Princeton University is encouraging students to report “problematic experiences based on [their] identity,” encompassing behaviors ranging from the “unpleasant” to the “disturbing.”
Posters distributed across the Ivy League school’s campus by the Office of the Vice Provost for Institutional Equity and Diversity note that “not every experience can or should be addressed through a disciplinary process,” but reassure students that “there are always resources available to help you manage your experience.” They encourage students to “consider reporting your experience.”
“Even if you do not want to pursue disciplinary action, or your experience is not appropriate for disciplinary action,” the posters proclaim that reporting negative identity-related incidents “helps Princeton monitor behavior on campus and identify opportunities to improve it.”
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The flyer lists several reporting options, such as the opportunity to “talk to someone informally” at the Carl A. Fields Center for Diversity and Cultural Understanding, the Women*s Center, the LGBT Center, the International Center, the Office of Religious Life, or the Office of Disability Services.
“These offices are not confidential resources,” the poster cautions, though it states that students may “consult a confidential resource” such as the Ombuds Office, the chaplains in the Office of Religious Life, Counseling and Psychological Services, or the Sexual Harassment/Assault Advising, Resources, & Education (SHARE) Office.
There is also “coaching on conflict resolution or mediation” available from the Ombuds Office, “if desired.”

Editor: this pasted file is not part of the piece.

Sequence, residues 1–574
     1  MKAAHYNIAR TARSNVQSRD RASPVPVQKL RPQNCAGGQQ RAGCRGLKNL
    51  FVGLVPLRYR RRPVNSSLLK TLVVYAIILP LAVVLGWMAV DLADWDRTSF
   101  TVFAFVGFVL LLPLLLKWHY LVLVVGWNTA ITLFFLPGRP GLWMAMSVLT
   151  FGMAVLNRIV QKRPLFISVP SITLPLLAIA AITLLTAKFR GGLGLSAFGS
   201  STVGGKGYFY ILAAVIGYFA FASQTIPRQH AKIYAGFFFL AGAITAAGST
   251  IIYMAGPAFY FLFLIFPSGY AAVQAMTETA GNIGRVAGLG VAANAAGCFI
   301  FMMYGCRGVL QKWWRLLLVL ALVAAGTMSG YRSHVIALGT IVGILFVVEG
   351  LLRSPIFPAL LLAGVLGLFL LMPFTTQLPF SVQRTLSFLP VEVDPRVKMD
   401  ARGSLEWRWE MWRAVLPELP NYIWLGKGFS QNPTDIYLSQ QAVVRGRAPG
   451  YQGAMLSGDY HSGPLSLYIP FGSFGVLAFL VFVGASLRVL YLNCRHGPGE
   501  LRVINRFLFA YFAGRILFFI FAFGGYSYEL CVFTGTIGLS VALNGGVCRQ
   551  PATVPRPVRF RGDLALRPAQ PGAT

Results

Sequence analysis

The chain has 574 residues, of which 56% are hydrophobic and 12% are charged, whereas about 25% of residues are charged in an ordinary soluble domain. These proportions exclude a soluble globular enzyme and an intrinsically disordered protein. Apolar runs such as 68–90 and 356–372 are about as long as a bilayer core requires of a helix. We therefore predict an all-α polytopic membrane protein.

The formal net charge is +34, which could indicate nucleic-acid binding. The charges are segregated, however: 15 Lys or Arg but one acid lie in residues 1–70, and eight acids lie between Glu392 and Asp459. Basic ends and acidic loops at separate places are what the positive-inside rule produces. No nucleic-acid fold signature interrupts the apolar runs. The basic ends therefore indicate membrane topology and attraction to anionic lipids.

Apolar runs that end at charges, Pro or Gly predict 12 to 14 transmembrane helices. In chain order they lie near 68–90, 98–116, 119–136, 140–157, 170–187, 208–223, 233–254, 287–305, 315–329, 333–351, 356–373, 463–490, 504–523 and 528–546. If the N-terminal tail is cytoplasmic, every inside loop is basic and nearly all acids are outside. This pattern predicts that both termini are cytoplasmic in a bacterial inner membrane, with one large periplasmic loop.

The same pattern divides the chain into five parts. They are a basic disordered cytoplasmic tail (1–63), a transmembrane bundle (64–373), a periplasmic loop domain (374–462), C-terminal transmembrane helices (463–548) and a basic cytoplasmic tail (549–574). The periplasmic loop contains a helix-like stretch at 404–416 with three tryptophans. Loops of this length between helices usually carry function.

Another option is to “report the experience to Institutional Equity and Diversity,” which “monitors information about interactions that may not meet the definition of discrimination or harassment but suggest a pattern or a larger hostile environment.”
Depending on the information collected while investigating such reports, “Princeton may initiate a climate review of a department or unit,” potentially resulting in “training or other resources” being provided to that unit.
Students who endure problematic identity-related experiences may also “request adjustments to your living, working, or academic experience,” including “changes in housing, student life–focused activities, or…a No Contact Order;” “academic adjustments or extensions;” and “adjustments to your working environment.”
For more serious offenses, students are encouraged to “file a formal complaint,” after which Princeton will conduct a review and an “appropriate office may then conduct interviews, gather evidence, and make a determination of responsibility.”
Students are also offered the option to file complaints anonymously, though the flyers caution that this approach “may limit Princeton’s ability to respond.”
Finally, students are reminded they may file complaints with a law enforcement agency or “external regulatory agency” such as the Office for Civil Rights at the U.S. Department of Education, the US Equal Employment Opportunity Commission, or the New Jersey Division on Civil Rights.
For more information, students are directed to visit http://inclusive.princeton.edu/report, but as of press time the link remained non-functional.
Campus Reform reached out to Princeton’s Office of the Vice Provost for Institutional Equity and Diversity for comment, but has not received a response.
First published at Campus Reform
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